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Changes to the Construction Industry Scheme: What you need to know

The CIS has existed now for over 40 years, and changes proposed in the 2014 Budget have started to come into effect. How will this affect your business?

Changes to the Construction Industry Scheme (CIS) came into force on 6 April 2015.

The CIS has existed in one form or another since 1972, in a bid to stop undeclared payments and income.

Since then, particularly during the mid 2000s, CIS has evolved to be an imposing regulatory regime affecting those whose day-to-day business involves construction, as well as many whose connection with construction is incidental.

Not root and branch reform

The regulatory net is not being meaningfully lifted – this is not root and branch reform - but several improvements are being proposed.

The Budget 2014 government announcement of proposed CIS improvements was followed by two summer consultations, a December response and the resultant Income Tax (Construction Industry Scheme) (Amendment) Regulations 2015/429.

The proposed changes largely pronounce a reduction of the administrative burden by capitalising on HMRC’s investment in digital services.

CIS administration will have an increased online functionality which is intended to affect cost savings for both HMRC and the industry.

The changes will be implemented in three phases with the first phase taking effect from 6 April 2015.

Headline changes to be aware of include:

From 6 April 2015:

Removal of the requirement for a contractor to make a monthly return to HMRC even if the contractor has not made any payments in a tax month.

At first sight, this is welcome as it appears to both remove the burden of unnecessary monthly reporting and likely injustice if penalties are imposed for ‘nil returns’ where no payments to subcontractors have been made.

However, HMRC won’t know if a lack of a return means a nil return or a failure to provide a return, so it proposes to issue a penalty notice in those circumstances.

A penalty notice may be appealed using the online service and HMRC says that no penalties will be issued when it is established there is a nil return.

Critics will say this process does not reduce administrative burdens; our view is that ‘nil returns’ should continue to be made, as safe and efficient best practice, unless the HMRC is satisfied that this is deliberate and compliant.

Earlier repayment of CIS tax may be made to liquidators in insolvency proceedings.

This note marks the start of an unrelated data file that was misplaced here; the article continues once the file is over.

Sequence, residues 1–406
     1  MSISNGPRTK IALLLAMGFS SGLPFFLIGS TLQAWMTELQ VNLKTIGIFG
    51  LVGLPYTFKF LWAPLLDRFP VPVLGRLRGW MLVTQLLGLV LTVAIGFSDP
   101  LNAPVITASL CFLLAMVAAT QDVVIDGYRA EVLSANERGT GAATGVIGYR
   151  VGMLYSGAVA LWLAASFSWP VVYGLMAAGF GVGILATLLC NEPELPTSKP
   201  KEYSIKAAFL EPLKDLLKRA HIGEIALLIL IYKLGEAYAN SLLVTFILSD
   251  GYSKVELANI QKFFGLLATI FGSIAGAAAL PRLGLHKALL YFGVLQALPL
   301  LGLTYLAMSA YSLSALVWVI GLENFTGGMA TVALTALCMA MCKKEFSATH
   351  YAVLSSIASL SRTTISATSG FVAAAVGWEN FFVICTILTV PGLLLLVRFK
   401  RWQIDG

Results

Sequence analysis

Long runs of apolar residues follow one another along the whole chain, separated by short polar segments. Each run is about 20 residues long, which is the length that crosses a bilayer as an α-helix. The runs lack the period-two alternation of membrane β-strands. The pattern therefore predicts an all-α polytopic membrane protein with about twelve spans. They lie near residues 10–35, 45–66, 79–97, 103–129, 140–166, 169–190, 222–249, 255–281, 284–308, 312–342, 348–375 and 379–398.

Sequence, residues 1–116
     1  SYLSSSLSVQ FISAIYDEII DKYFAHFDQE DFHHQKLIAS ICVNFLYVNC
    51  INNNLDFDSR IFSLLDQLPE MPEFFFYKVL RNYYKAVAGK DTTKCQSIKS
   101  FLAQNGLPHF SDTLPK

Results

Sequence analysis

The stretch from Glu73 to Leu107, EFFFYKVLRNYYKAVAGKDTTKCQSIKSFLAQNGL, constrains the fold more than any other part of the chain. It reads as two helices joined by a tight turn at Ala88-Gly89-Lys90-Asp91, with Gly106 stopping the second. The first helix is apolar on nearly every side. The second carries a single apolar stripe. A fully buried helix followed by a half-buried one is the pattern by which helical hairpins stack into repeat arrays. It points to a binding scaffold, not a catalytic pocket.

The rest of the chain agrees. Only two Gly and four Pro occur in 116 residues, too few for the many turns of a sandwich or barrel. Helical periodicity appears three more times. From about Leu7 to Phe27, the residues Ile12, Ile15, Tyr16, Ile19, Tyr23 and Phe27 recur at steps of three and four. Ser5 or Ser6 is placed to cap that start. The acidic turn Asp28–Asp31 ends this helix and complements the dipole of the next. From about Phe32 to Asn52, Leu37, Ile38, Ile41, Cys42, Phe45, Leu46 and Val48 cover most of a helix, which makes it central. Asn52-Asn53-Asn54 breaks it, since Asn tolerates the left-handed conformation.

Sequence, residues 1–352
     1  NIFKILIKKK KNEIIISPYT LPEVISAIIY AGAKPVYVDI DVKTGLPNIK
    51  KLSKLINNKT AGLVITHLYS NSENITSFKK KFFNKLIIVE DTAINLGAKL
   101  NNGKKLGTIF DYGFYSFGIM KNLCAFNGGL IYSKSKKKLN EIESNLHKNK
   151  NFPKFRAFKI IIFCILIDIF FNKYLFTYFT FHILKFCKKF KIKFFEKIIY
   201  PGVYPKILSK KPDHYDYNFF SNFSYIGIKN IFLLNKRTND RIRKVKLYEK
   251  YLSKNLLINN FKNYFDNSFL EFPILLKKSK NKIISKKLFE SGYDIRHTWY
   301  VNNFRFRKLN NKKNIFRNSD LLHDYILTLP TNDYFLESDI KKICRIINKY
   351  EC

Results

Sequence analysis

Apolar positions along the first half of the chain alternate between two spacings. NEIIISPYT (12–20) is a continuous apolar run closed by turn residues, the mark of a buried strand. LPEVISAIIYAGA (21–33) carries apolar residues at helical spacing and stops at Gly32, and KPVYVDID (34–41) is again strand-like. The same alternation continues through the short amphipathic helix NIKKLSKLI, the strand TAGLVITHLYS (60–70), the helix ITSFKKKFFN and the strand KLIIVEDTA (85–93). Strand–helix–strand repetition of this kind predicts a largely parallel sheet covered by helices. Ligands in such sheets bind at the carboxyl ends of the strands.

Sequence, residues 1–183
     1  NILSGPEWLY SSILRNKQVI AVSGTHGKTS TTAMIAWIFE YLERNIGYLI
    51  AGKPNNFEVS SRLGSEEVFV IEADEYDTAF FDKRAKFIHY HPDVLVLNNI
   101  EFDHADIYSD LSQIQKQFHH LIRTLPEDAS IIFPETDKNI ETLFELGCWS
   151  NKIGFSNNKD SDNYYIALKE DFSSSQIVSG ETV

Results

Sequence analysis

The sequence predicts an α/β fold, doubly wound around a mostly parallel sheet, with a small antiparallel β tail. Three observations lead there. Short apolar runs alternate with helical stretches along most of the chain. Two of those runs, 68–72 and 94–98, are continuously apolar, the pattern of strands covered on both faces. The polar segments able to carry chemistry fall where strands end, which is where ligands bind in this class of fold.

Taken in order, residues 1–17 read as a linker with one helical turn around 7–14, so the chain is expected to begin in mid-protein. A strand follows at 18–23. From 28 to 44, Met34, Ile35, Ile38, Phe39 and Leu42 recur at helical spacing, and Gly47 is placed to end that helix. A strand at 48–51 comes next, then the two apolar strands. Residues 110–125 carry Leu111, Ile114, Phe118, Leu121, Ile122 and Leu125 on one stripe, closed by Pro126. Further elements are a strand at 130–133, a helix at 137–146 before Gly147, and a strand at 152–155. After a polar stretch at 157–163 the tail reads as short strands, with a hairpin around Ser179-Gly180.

Interestingly, this change came about as part of consultation that such a change would enable earlier repayments to creditors.

That sounds positive but the legislation is very much discretionary on the part of the HMRC.

The industry should not expect such discretion to be exercised prior to HMRC concluding it has no entitlement to such monies. 

Relaxation of requirements for joint ventures to gain gross payment status.

This would apply where one member already has this status and has a right to at least 50 per cent of the assets or the income or holds at least 50 per cent of the shares or the voting power in the joint venture.

This would appear to suit sophisticated developers which operate special purpose vehicles, in the form of a company or other entities such as limited partnerships or limited liability partnerships, for development schemes. 

This is a welcome amendment to reduce the number of entities required to be registered within these organisations, provided that a relevant hurdle is met. 

From 6 April 2016:

Mandatory online filing of CIS returns.

This change stems from HMRC’s investment in digital services.

The hope is that mandatory online filing should reduce administrative burdens - but functionality of the new system will determine success or otherwise.

It also is not yet known whether the staged reduction in the CIS helpline will, on balance, result in an overall improved service. 

Threshold for the gross payment turnover test will be reduced to £100,000 in multiple directorship situations.

A party being paid under CIS will prefer to have gross payment status as this will avoid material deductions being made where CIS requires.

Consultation feedback indicated that many small businesses were prevented from applying for gross payment status because the £200,000 threshold for multiple-partner businesses and multi-director companies was too high.

Halving of the threshold will help those businesses already caught by the CIS net.

From 6 April 2017:

Compulsory online verification of subcontractors.

This is to assist payers to determine whether they can pay gross – or whether they are obliged to make a deduction from payments otherwise due.

Online verification is already available but consultation feedback suggested the system was problematic.

The effectiveness of the new regime will very much depend on the IT platform.  

Anyone affected by the CIS should visit the HMRC website to become more familiar with the changes proposed and take the necessary steps to comply.

Matthew Jones is head of the construction and engineering team and Katharine Tulloch is a senior associate at Taylor Wessing

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